If students cannot pay the balance in full, they should at least pay the minimum payment plus last month’s interest rate, Slate said.

“Credit cards make their money from the interest rates and they only want students to pay the minimum payment,” Slate said. “Don’t be a victim of this.”

Slate also said that college students should set up a budget or logbook for their credit card, taking into account their income, living expenses, food, utilities, etc.

In addition students should read the fine print before committing to a credit card company, Slate said.

For college students already in credit card debt, there are steps that can be taken to get out of debt.

The first step is to tell your parents and not keep it a secret. Then check who your crowd is and who you are hanging out with, Barakat said.

“Are they people who fly out to Vegas every weekend or are excessive spenders?” Barakat said.

After following these steps, the next thing to do is to call the credit card company and ask for a lower interest rate or a special monthly payment plan. Credit card companies are willing to work with the students’ parents, Barakat said.

The final steps are to pay off the debt and to pay with cash whenever it is possible, Barakat added.

“When you pull out your credit card, it doesn’t seem too expensive,” Barakat said. “When you pay by cash it will feel more expensive and you will think before you buy.”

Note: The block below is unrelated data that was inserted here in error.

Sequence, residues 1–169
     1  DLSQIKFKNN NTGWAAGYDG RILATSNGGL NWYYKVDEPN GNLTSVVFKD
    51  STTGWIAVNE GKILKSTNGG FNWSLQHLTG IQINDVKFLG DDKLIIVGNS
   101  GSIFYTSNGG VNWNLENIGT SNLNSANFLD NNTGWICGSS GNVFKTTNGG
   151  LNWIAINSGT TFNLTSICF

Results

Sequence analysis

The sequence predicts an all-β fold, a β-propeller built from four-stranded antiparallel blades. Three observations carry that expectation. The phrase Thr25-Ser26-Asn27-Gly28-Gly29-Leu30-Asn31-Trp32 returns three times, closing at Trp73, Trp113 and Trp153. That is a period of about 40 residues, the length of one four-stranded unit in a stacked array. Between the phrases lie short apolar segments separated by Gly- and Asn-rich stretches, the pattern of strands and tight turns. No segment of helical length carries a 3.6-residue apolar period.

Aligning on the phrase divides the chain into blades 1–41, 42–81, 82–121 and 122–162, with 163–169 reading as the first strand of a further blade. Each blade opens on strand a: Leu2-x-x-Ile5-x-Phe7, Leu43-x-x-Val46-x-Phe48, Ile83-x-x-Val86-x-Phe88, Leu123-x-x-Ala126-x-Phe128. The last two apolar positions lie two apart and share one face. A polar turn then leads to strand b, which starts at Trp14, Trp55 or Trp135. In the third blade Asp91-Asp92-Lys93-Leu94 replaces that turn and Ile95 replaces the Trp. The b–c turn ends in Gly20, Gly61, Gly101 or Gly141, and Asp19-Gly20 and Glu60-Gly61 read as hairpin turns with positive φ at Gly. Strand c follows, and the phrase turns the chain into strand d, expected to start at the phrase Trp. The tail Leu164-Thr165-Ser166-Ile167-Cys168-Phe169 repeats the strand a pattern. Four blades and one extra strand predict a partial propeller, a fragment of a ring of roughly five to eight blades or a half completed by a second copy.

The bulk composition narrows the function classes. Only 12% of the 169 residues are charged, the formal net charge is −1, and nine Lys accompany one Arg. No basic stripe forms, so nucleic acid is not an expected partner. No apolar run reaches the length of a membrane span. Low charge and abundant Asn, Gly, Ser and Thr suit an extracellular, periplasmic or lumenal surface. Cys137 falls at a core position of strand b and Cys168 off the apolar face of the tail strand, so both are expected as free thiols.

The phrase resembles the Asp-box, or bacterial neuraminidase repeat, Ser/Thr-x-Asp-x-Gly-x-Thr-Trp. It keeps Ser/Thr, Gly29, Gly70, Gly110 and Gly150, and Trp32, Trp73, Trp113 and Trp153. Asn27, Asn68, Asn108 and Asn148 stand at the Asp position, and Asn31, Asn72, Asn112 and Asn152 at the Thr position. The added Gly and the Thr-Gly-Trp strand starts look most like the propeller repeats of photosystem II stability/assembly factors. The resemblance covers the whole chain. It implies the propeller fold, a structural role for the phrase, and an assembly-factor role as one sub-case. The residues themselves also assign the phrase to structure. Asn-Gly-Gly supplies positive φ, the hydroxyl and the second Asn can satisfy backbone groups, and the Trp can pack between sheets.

Another way to get out of debt is to go to a credit card counseling program, such as American Consumer Credit Counseling, which can help them lower monthly payments and interest rates, consolidate multiple payments into one monthly payment and eliminate late fees or over-limit charges.

Slate also said that students should pay off debt from the account with the highest interest rate.

For more information on how to avoid or get out of credit card debt, visit www.consumercredit.com.

By having credit cards, college students are given the opportunity to build a good credit history.

These reports are checked during apartment applications and financing large purchases such as cars and homes. But employers have begun to use credit reports to determine who to hire or promote for their company.

Late and missed payments stay in the credit reports for seven years.

“Your credit report is public record,” Barakat said. “Employers use it to determine if their employees are responsible. You are building a history with your credit card and this is a great opportunity to develop good credit.

“Don’t abuse the credit card or get into debt,” Barakat added. “It will affect your future and your opportunity to get a job.”

Nila Priyambodo can be reached at addicted2lnknprk@aol.com.


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Posted April 11, 2005